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Dominic Richardson Might Be More Important to Oklahoma State in 2022 than Jaylen Warren Was in 2021

The Cowboys’ do-it-all back is the key to OSU’s success.



[Devin Wilber/PFB]

Bear with me on this one.

It was only Week 2, but Oklahoma State’s ability to get Dominic Richardson going against Arizona State was a good sign for the Cowboys’ season. A crucial indicator of potential success.

In their season opener against Central Michigan, the Cowboys went pass-heavy taking advantage of what the Chippewas gave them, but they struggled to move the ball consistently on the ground. That was a bit concerning for a team that lost half of its starters on defense and needs to be able to sustain drives. Alas, Spencer Sander went nuclear and the Cowboys survived, but a 3:1 pass-to-run yardage ratio was never going to be sustainable.

That’s why the step forward OSU’s ground game took against Arizona State — headlined by Richardson — was such a welcomed sight for Mike Gundy and his staff.

During his weekly media availability, Gundy credited his offensive line, Richardson and Co. for taking over the game in the second half against the Sun Devils, stating the Cowboys run-blocked better than they had in the first three halves of the season. Richardson did yeoman’s work, taking a career-high 27 handoffs up-field for 131 yards and a score of his own. Production like that needs to be a constant if the Cowboys are to reach their potential.

Coming into 2021, the Cowboys’ running back hierarchy was a mystery. OSU had three viable (or at least potential) starters in LD Brown, Dezmon Jackson and a pretty much unknown transfer named Jaylen Warren. That question mark loomed over OSU for the first two games of the season until Warren staked his flag into the royal blue turf in Boise, and the rest was history.

Heading into 2022, there was little doubt who would man the RB1 spot, but not because the Cowboys had an embarrassment of riches in terms of experienced RB depth. There was really only one option. And for OSU to reach its goals, he’ll need to stay healthy and have a similar breakout to his predecessor.

A Difference in Styles?

Warren turned the Cowboys’ season around with his ability to evade defenders and then make something out of nothing, and it looks like his former backup is on the same path. Richardson can do his own damage after defenders get involved.

According to Pro Football Focus, 105 of his 131 yards on Saturday came after contact. That’s insane. The highest yards-after-contact Warren ever recorded was 104 and that was in his huge game in Austin in which the now-Pittsburgh Steeler toted the rock 33 times for 193 yards. And that’s even more impressive when you consider the difference in running styles between Warren and Richardson.

Warren was the dynamic bowling ball with a killer jump-step and breakaway speed. Richardson is more of a big, punishing back who tries to run through linebackers. But he’s also more than just a one-cut wonder.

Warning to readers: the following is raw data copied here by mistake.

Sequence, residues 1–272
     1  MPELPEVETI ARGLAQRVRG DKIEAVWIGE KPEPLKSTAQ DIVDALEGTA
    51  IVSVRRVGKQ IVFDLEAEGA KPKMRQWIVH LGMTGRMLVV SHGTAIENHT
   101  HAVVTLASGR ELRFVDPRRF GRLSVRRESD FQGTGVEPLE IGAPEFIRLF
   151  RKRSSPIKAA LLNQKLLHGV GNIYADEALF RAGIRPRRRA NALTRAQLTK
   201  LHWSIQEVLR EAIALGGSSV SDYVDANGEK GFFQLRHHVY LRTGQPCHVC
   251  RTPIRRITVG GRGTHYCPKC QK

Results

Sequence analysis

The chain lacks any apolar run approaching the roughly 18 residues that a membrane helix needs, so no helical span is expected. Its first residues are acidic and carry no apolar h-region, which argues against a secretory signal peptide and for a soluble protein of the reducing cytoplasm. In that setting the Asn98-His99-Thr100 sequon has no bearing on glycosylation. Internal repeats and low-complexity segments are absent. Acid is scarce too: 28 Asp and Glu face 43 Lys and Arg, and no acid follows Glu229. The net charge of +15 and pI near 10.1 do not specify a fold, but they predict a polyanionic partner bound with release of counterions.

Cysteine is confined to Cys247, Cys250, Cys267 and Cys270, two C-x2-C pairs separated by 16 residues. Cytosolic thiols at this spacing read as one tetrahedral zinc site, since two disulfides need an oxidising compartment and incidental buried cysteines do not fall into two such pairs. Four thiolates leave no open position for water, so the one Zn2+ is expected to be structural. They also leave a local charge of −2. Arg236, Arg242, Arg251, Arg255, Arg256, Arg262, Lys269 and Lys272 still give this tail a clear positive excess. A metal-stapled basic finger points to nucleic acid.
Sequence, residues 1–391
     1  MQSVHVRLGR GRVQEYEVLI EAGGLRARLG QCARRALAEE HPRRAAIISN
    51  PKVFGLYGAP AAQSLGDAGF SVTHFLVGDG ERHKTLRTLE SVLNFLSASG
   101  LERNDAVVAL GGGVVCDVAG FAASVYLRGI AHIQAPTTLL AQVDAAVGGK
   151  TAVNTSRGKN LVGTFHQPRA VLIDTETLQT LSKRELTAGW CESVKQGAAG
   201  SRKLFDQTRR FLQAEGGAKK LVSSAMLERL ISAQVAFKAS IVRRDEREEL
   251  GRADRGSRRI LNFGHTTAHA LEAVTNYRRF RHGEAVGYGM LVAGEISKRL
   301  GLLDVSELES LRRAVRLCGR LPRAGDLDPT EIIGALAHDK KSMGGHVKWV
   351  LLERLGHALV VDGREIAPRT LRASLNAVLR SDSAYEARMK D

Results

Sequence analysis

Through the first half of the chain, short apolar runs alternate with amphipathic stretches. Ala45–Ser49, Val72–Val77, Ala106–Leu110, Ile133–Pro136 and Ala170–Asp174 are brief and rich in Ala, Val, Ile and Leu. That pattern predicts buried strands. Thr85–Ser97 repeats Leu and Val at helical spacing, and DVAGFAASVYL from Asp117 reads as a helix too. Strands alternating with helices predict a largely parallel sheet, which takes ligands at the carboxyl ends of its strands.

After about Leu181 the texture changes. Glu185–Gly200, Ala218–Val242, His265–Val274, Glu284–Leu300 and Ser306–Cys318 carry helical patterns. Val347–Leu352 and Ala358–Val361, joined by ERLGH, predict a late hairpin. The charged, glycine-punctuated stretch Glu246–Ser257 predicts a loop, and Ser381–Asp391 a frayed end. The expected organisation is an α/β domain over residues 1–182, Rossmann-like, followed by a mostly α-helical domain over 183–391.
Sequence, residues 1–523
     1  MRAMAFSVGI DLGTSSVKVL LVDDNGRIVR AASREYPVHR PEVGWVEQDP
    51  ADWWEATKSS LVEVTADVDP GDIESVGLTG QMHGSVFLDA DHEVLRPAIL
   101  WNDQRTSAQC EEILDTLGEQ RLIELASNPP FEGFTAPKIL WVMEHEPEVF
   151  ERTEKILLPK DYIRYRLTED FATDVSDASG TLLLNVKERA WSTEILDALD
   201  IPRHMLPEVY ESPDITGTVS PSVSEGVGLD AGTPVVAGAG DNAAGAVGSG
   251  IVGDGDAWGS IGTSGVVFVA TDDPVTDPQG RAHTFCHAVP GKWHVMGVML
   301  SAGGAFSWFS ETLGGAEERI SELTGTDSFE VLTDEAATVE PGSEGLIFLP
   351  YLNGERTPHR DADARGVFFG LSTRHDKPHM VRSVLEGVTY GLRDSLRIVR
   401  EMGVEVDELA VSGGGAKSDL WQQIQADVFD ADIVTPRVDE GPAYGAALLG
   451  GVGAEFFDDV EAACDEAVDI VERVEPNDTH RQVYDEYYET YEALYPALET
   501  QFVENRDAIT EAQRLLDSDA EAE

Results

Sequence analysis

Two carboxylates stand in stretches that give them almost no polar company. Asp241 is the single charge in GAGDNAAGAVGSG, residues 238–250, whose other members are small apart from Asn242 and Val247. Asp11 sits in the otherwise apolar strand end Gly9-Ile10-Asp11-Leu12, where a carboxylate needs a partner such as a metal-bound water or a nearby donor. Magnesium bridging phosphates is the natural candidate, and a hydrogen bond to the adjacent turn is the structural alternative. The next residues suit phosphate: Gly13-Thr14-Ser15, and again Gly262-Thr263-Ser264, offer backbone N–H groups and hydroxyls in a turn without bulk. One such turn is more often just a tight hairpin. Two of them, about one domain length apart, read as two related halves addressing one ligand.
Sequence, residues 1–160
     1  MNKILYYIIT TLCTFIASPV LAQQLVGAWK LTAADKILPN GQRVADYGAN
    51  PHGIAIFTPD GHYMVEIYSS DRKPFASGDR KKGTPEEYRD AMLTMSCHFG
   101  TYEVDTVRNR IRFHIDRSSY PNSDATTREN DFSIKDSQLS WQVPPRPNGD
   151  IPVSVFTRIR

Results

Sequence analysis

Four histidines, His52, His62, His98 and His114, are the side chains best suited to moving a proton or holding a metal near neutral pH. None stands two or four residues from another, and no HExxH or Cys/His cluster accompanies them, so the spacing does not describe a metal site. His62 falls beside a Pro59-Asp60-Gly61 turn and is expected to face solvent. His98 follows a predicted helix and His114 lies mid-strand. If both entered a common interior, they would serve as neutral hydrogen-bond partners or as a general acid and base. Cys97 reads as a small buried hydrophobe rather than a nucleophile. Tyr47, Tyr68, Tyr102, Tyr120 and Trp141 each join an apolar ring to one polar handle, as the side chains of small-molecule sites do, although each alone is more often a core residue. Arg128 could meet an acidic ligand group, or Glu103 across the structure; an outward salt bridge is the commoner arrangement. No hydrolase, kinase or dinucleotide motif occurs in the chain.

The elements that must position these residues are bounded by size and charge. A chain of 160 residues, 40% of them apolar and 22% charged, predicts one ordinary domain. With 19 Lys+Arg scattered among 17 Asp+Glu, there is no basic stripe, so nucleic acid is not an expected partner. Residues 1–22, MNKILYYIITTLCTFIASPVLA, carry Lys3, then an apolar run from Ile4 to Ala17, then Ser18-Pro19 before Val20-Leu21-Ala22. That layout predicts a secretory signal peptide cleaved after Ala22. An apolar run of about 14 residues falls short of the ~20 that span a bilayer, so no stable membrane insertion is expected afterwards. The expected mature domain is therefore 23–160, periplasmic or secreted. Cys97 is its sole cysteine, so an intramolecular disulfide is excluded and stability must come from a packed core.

“So, he’s a big physical runner,” said Mike Gundy of Richardson on Monday. “He’s maturing some, we know that. He actually made some guys miss in some space which was encouraging. Arizona State had skill and so I was encouraged by that. I think he understands the type of runner he is, and we need to work around his skill set. And then we need him to improve a little bit and each one of those areas.”

If he keeps this up and stays healthy, Richardson is the type of player OSU can run its offense through, and he’s expanding his game to be an all-around playmaker that can beat teams in multiple ways. Against ASU, he hauled in five catches on six targets for 44 receiving yards, all career-highs. As Sander’s safety blanket, he turned in a team-high 82.8 receiving grade per PFF, the best of any Cowboy so far this year.

There are other options in the Cowboys’ backfield. Jaden Nixon is a dynamic, speedy back who’s shown flashes of his highlight-reel potential. Rookie Ollie Gordon is averaging a video game spin move on one out of every four touches. And at some point, Texas A&M transfer Deondre Jackson will become eligible. All could be future stars in Stillwater, but it’s unlikely that any is ready to shoulder an offense. The Cowboys need a healthy Richardson for the next three-plus months.

With the turnover on defense and the dearth of experience behind him, a consistent three-down runner with the ability to make plays is vital for OSU. There’s a case to be made that, other than Spencer Sanders, no single player is more impactful to OSU’s success than No. 20.

With Warren sidelined in Arlington last December, OSU came within inches of winning a Big 12 title and quite possibly making it into the Final Four. Whether or not this Cowboys squad has that type of potential remains to be seen, but without Dominic Richardson, they likely won’t even get close to finding out.

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